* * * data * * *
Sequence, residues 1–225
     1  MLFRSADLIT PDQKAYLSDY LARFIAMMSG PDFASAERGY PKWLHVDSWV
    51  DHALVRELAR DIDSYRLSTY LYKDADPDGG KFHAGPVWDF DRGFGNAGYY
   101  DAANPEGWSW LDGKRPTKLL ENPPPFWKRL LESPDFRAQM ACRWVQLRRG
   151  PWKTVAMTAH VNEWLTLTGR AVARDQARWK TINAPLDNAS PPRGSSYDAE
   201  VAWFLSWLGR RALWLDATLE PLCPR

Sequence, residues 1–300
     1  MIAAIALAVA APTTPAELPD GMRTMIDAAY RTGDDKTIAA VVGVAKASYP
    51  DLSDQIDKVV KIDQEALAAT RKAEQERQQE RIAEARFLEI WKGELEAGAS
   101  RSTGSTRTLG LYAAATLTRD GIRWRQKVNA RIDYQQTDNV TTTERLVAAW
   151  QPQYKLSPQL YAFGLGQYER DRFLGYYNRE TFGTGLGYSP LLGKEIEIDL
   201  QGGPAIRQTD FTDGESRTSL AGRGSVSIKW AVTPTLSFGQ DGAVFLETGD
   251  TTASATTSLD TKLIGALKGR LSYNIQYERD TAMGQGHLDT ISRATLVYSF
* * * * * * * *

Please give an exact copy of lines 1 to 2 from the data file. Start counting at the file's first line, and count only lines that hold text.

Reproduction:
Sequence, residues 1–225
     1  MLFRSADLIT PDQKAYLSDY LARFIAMMSG PDFASAERGY PKWLHVDSWV